Join us for the opening of the 24th installment of our exhibition series celebrating Winston-Salem artists!

Thursday, October 28, 2021 @ 5:00 pm - 8:00 pm | Preview Gallery

SECCA's Southern Idiom exhibition series continues with Upright and Asymmetrical, featuring new works by Leslie Smith. An opening reception for the exhibition will be held from 5–8pm on Thursday, October 28. Admission is free, with a suggested $10 donation.


I use writing, drawing, printing, and papermaking to ask and answer questions. For me, imagery leads to writing and writing leads to imagery. For the last few years, I have been interested in the body and the mind. Curiosity has pushed me toward speculative questions. For example, what if emotions had a physical form? What would they look like? What if melancholy had a size, a shape, a color? I think melancholy would be harmless looking. It would be a pale blue seed that appears in the mind and then drifts softly down into the body, collecting on the surfaces. Through text, drawings and diagrams I create an answer. Currently, I am looking at how we respond to peculiar times. What do you make when the world is upside down?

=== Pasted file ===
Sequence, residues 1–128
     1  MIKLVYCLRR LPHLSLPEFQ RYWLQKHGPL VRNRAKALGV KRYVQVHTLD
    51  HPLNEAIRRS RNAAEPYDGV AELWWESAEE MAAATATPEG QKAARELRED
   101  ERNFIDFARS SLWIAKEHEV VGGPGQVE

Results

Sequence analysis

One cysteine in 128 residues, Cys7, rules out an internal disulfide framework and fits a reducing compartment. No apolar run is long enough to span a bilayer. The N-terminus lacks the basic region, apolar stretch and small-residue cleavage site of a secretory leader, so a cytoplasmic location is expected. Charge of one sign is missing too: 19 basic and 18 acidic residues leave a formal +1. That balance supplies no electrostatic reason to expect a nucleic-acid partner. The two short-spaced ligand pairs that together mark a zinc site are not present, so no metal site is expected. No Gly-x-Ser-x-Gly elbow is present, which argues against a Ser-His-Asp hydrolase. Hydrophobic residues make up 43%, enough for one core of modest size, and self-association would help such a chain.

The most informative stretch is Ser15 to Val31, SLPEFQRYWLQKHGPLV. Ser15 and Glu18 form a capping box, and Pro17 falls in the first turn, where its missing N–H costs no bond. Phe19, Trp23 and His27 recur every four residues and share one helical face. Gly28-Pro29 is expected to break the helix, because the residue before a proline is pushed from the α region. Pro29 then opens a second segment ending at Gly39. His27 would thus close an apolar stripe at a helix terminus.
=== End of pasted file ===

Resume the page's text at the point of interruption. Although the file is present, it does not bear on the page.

Leslie Smith makes drawings, prints, and books based on her interest in mind, body, and the way we think about the self. She holds an MFA in Book Arts from the University of Iowa Center for the Book and has exhibited nationally and internationally. She is currently the Director of Graphics and Textiles at Sawtooth School for Visual Art.

About Southern Idiom

SECCA's Southern Idiom exhibition series launched in 2017 as a platform for elevating and celebrating the work of Winston-Salem artists. In contrast to many exhibitions at SECCA, works on view in Southern Idiom are available for purchase. Leslie Smith's exhibition marks the 24th installment of the series, whose alumni artists include Sharon Hardin, Terri Dowell-Dennis, Ashley Johnson, Frank Campion, Mona Wu, Owens Daniels, Jessica Singerman, Leo Rucker, Kevin Calhoun, Paul Travis Phillips, Laura Lashley, Sam "The Dot Man" McMillan, and others.